A Runyan has been operating Planters Hardware & Building Inc. on the square in downtown Ashland since 1916, give or take a year.
“The Runyans have owned it since the early teens” of the 1900s, said Walt Runyan, the third-generation owner/operator. Before that, the Garrett family owned the business.
Bruner Runyan took ownership of Planters Hardware sometime before 1920 for sure, Walt said. Boyd Runyan – Bruner’s brother and Walt’s grandfather – joined the partnership in 1928.
|Bruner Runyan||Boyd Runyan|
The business that dates to the late 1800s got its name from its original clientele. The Runyan family isn’t certain of the exact date because the records were lost in a fire.
Farmers, aka planters, would come in and buy seeds, plows and other farm equipment on credit and pay their debts when their crops came in. Planters Hardware still sells on credit.
Much of what is sold and how it is sold at Planters Hardware is as it has been for more than a century.
Each ticket is still written out by hand. In triplicate. The customer gets a copy, a copy is filed with the bookkeeper and the third copy goes out with customers’ monthly statements for those who have a charge account.
Walt’s wife, Lisa, who became the office manager for Planters Hardware about a decade ago, said she offered to scan the records and put them on the computer, but her husband and father-in-law said they preferred to maintain a more personalized customer relationship.
After working for a few years in hardware sales after college, Walt joined the family business in 1988 and bought it from his father, Joe Runyan, a decade later. Joe, the second-generation owner, ran the business between 1966 and 1999, but continued to come into the store on Thursdays, Fridays and Saturdays until last year when the 88-year-old decided to officially retire.
On the days he came in after selling the business to his son, Joe would hold court on a bench facing the cash register.
“Probably eight out of the 10 people who would come through the doors, varying people who weren’t even from Clay County, would sit down beside him and chat and have whole conversations about their family life,” said Cole Runyan, Walt and Lisa’s son, who has worked at the store on school breaks since he was 10. “He would know their family, who their father was, where they lived. It was just crazy.”
No more mustangs, dynamite or firearms
Planters Hardware has always been on a corner of the square in Ashland, just not the same corner. Through the years, the hardware store has occupied three different corner spots on the square.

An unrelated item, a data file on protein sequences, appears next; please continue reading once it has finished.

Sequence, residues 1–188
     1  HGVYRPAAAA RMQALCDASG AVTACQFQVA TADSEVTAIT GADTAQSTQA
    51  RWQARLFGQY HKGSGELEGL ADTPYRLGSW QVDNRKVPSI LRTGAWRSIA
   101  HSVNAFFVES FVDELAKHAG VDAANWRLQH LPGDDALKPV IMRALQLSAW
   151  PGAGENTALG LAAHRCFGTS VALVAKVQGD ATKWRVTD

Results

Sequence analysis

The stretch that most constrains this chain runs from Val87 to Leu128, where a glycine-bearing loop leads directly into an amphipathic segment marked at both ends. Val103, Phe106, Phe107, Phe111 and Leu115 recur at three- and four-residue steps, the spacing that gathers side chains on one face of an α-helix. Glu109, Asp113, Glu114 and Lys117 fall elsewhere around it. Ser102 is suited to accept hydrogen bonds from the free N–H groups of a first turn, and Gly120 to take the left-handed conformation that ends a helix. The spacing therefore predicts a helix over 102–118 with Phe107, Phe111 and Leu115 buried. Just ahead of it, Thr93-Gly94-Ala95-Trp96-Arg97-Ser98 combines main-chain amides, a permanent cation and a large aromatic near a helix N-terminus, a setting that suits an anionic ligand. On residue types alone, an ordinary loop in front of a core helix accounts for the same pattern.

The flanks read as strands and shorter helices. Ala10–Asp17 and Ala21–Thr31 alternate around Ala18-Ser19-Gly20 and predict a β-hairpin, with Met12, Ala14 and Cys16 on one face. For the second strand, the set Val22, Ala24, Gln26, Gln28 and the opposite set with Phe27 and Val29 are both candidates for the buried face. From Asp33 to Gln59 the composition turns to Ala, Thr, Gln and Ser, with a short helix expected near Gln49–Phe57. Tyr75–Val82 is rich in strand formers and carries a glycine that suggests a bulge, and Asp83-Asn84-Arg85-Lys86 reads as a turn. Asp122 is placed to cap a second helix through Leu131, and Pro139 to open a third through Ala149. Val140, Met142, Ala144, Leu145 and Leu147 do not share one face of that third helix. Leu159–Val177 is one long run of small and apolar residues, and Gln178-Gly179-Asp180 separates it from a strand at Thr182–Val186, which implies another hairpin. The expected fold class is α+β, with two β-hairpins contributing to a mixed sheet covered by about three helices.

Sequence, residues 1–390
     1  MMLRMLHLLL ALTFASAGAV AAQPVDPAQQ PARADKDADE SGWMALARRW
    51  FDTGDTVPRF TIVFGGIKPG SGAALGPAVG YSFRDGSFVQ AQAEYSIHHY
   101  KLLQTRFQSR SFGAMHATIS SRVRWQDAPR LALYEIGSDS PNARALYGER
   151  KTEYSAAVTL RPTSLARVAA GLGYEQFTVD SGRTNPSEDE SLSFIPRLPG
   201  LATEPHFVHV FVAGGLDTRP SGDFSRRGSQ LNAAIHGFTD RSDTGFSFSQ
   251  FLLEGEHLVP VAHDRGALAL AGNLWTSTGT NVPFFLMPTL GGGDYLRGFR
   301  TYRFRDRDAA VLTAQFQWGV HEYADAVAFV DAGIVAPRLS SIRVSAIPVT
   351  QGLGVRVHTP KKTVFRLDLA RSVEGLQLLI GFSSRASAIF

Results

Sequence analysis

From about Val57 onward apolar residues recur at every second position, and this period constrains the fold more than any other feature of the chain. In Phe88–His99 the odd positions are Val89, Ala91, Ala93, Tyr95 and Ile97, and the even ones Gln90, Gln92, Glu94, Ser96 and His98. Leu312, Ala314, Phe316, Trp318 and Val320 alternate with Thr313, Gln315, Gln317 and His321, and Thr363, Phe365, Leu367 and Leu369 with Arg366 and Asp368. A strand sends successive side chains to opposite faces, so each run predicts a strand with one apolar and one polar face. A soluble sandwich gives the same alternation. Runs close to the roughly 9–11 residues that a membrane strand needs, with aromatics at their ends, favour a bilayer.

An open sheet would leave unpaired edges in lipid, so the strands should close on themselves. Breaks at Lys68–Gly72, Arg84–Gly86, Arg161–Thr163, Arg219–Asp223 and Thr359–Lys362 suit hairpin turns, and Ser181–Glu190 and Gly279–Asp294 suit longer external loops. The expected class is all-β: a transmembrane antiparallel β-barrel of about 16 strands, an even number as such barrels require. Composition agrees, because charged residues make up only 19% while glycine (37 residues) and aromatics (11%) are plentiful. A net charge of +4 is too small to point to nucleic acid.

In one of the windows of the current building on Alabama Highway 77, a local artist painted a mural of what the store looked like in the late 1920s or early 1930s when it was on the same road but the opposite corner. There is also a painting of an ad that appeared in the newspaper about what the store sold at the time.
“Everything for home and farm – stoves and ranges, syrup cans, doors, windows, window glass, Aladdin lamps, galvanized roofing, steelyards, bale ties, grain hooks, hay forks and a complete line of wagon repair material,” the ad reads.
At one time, the store traded horses, said Walt. “They had a mule and horse barn.”
“Two or three carloads of horses came in on a Sunday morning on the railroad,” Walt recalled. “They had to block the square with cars to contain the horses. (The family) all had to leave church to come help. When the horses saw their reflections in the store windows, they really went crazy.”
The horses ran around the square until they tired, and the family was able to get them to the barn, Walt said.
Another big seller that the store no longer offers is dynamite. The dynamite was sold “right from under the counter,” Walt said. Cole added, “It was stored in a shed outside of town, because you had to keep that much dynamite away from people.”
“At one time, we were the oldest Browning firearm dealer in the state,” but “we gave up our firearms license” in the 1990s said Walt, adding that not selling firearms reduced break-ins at the business.
A different clientele
In the 21st century, agriculture is no longer the chief industry in Clay County. Timber, poultry and cabinet making now dominant and the inventory at Planters Hardware reflects that change.
The store still sells “everything in hardware” as well as building supplies, including water pumps, plumbing, electrical supplies, lumber and paint. Shovels, rakes and post hole diggers, coveralls, hats and work shoes, pocketknives, cast iron and generators also line the aisles of the 10,000-square-foot store and warehouse.
And the store cuts glass, threads pipe, mixes paint and duplicates keys, even high-tech car keys.
“We offer our customers cost-effective solutions and personalized service” six days a week, said Walt.
MEMBER SINCE 1998
Planters Hardware & Building Inc. at 40583 Alabama Highway 77 in Ashland is open six days a week and is only closed for six days a year – Memorial Day, Fourth of July, Labor Day, Thanksgiving, Christmas and New Year’s Day. Visit on Facebook @PlantersAshland
12TH ANNUAL SEVERE WEATHER SALES TAX HOLIDAY
Alabama’s 12th annual severe weather tax holiday from Feb. 24 to 26 is a time to stock up and save on the necessities at stores like Planters Hardware. State officials purposely designed the three-day, tax-free weekend to occur before the height of both tornado and hurricane seasons.
During the tax holiday, the state’s four-percent sales tax is waived on common emergency supplies costing less than $60 as well as generators costing $1,000 or less.
about Alabama’s Feb. 24-26, 2023
severe weather preparedness sales tax holiday
Story and photos by Nancy King Dennis
A shorter version of this article appears on Pages 14 and 15
of the February 2023 Alabama Retailer